Fans outside of Georgia have seen higher and higher profile matches come under Amashukeli’s whistle. Lately, there have been European matches and World Rugby Sevens Series action. In November, he oversaw Ireland’s win over Japan in Dublin.
On the first weekend of the Six Nations he will serve as Mike Adamson’s assistant in Paris, for France-Italy. In round three, he will run the show at the Aviva, backed up by Matt Carley and Christophe Ridley.
It is a special thing to be selected, he says. And it won’t go unmentioned that he is blazing a trail. He will be a Georgian operating within the Six Nations tournament.
So what’s the big career ambition for the full-time official?
He tells us: “I’d never dream of what I’ve already achieved. But look, I think the dream of any referee is to be part of the Rugby World Cup. I never dreamed in my life of making millions or of fancy cars or fancy villas. I have only one dream: to be a part of the World Cup. I was even joking back when I was playing that I hope (Georgia) take me just as a water-carrier!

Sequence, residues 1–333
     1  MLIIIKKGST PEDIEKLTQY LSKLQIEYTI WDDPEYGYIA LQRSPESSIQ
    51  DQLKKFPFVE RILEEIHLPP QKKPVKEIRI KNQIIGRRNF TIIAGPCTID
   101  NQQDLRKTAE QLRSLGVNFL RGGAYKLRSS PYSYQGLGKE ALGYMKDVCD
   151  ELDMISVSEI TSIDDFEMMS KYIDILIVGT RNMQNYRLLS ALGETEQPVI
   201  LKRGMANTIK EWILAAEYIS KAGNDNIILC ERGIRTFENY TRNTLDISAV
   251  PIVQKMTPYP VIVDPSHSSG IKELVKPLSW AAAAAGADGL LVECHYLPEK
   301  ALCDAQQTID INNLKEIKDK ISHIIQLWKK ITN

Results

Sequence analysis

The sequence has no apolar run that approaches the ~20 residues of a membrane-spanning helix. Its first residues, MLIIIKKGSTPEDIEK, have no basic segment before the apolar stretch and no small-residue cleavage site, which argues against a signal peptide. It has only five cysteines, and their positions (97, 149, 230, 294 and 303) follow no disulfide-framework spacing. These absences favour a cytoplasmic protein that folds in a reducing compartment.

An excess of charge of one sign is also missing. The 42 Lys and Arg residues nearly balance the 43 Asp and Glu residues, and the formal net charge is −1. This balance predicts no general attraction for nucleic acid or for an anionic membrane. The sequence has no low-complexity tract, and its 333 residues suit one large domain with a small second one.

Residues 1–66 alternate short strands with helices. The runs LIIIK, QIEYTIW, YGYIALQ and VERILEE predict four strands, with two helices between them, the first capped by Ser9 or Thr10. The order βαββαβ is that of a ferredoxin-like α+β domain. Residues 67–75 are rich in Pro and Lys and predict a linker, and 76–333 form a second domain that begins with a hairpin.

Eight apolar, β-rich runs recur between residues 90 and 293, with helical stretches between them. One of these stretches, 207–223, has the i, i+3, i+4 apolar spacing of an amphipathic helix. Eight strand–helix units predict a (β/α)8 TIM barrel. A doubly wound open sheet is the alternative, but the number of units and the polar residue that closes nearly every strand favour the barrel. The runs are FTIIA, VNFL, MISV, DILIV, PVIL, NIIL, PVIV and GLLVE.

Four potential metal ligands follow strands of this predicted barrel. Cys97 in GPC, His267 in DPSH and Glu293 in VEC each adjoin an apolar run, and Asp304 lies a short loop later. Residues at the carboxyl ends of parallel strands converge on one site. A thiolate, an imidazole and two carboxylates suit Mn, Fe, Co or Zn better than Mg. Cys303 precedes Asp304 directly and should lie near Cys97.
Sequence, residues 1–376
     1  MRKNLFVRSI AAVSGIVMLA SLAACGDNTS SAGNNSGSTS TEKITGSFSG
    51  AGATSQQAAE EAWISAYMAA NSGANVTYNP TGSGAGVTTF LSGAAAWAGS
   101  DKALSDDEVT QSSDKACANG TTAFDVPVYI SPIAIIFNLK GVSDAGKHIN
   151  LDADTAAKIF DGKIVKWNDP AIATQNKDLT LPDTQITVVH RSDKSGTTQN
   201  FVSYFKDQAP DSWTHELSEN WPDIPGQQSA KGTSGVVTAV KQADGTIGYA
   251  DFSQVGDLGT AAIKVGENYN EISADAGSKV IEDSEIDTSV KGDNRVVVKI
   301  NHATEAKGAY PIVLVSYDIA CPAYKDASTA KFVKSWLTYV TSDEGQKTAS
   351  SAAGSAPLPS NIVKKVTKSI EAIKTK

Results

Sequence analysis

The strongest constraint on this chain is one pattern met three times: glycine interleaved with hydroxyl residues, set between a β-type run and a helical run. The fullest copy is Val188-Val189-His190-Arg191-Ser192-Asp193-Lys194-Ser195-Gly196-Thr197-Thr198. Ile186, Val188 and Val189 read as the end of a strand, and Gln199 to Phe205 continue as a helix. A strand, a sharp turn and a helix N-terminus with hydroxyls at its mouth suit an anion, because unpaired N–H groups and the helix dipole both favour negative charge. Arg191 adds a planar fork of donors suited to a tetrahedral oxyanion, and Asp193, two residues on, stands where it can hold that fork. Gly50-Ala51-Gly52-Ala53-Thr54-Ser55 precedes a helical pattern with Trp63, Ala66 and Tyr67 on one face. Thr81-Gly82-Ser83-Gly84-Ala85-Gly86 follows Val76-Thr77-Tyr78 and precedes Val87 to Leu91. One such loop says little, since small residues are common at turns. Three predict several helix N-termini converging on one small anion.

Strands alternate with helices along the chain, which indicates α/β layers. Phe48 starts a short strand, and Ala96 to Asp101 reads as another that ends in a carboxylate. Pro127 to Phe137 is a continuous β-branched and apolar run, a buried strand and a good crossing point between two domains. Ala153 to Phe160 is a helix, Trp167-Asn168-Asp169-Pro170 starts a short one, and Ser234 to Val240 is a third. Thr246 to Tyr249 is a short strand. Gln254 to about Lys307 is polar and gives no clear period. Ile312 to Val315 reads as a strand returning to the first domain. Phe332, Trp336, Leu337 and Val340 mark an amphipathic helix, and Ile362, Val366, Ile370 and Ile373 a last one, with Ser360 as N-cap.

“The World Cup impacted my mind so much when I first watched it and then of course following through the next ones it impacted my mind even more. Watching highlights, it kind of strikes my heart. It’s kind of nostalgic. So the World Cup is special.
“The Six Nations is coming and there are plenty of things I have achieved that if you told me a few years ago ‘You’ll be doing this’, I’d say there’s no chance. I’m grateful and humble and I appreciate everyone who has given me an opportunity and who has wished me well.”
Amashukeli is aware of the prestige of the Six Nations; the heritage. The tournament fires the imagination of sports fans outside of the Big Six, lest we forget. And he knows what a big deal it is to be a Georgian involved. Oh yeah, and there’s the increase in scrutiny of officials.
He is just giddy for the chance. It’s time now to dig into preparation and start working with the teams of officials who help a game tick. Well, after the sevens…